If you have not received this email, your application has not been successfully submitted, or the confirmation email has ended up in your junk mailbox.
You can also log in to the online system and click ‘My Submissions’ to view all submitted and un-submitted applications.
9. Will late applications be accepted?
No. The online system will not accept applications submitted after the advertised closing date of 5pm 3 May 2021 (AEST).
If you are having issues submitting your application, please contact the SmartyGrants Support Desk at email@example.com or telephone 9320 6888 (Opening Hours: 9:00am - 5:00pm AEST), well before the closing date and in time to seek assistance.
10. Will the SSTF open grant application period be extended?
Yes. The grant round has been extended and has a new closing date of 5pm 3 May 2021 (AEST).
Do we need to address all of the assessment criteria to be considered?
Yes. You must address all five assessment criteria.
In your responses, please provide only the requested information and evidence to support your claim. Any additional information submitted that is not requested will not be assessed.
Assessment and approval of grants:
1. Our organisation meets the conditions to be considered for additional prioritisation. Does this mean we do not have to address the assessment criteria?
You must address all the assessment criteria in order to be considered for an SSTF grant. Applicants who fail to address all criteria may not be considered further.
2. How are applicants notified?
All applicants will be notified of the outcome of their application in writing via email in May/June 2021.
3. What happens if my application is successful?
If your application is successful, you will be formally notified in writing by email.
To receive your grant, you will need to log in to SmartyGrants and fill out and return the online Funding Deed and the EFT Banking Details form to DCJ for processing. Funding will then be released.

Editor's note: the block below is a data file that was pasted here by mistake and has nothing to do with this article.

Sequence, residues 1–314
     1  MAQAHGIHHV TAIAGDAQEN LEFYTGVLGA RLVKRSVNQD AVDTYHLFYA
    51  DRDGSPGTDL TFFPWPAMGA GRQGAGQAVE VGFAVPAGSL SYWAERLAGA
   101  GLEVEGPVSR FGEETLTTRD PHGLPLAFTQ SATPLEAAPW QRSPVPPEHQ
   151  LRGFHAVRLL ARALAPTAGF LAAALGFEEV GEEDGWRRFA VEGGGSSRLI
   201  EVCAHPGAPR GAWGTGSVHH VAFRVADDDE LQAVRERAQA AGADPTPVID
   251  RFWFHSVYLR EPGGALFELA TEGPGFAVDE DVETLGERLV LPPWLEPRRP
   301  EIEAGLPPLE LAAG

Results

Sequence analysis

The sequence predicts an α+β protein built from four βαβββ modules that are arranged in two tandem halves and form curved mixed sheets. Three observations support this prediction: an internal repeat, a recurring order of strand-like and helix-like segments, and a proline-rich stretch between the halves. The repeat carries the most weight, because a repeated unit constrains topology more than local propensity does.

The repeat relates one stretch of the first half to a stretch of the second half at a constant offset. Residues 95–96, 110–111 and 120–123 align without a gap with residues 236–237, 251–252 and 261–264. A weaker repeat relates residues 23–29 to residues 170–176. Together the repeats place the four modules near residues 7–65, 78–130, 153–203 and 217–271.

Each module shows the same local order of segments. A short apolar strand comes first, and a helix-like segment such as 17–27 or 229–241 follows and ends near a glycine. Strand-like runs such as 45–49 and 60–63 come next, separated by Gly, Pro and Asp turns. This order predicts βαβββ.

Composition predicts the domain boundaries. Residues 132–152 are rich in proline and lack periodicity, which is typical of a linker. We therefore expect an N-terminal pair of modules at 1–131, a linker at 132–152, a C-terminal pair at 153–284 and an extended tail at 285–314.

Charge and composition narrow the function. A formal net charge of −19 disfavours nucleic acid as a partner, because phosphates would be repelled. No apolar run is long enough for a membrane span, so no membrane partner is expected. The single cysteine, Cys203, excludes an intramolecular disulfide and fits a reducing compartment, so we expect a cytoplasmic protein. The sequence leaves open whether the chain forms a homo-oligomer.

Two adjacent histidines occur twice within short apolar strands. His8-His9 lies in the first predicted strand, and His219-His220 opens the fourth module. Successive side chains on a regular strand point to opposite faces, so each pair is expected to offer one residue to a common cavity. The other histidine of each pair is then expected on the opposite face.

It is recommended to return your signed documents as soon as possible. All funding must be released by 30 June 2021. Organisations that do not return their Deed and Banking details in time risk missing out on the grant.
DCJ will be using Docusign to execute grants.
4. How long do we have to start and complete the project?
Organisations will nominate in their application timeframes for commencement and completion. It is expected that projects will commence by, or on, 1 July 2021. All funding must be expended by successful organisations by 30 June 2022 or earlier.
5. What happens if my application is unsuccessful?
If your application was not successful, you will be formally notified in writing by email and provided an opportunity for feedback.
Our organisation hasn’t used DocuSign before. Is there an alternative to execute the funding deed?
No. Successful organisations will need to execute the funding deed via DocuSign.
DocuSign is a secure online way for people to easily execute legal documents. There is no cost to people signing documents and there is no training needed to start to using DocuSign.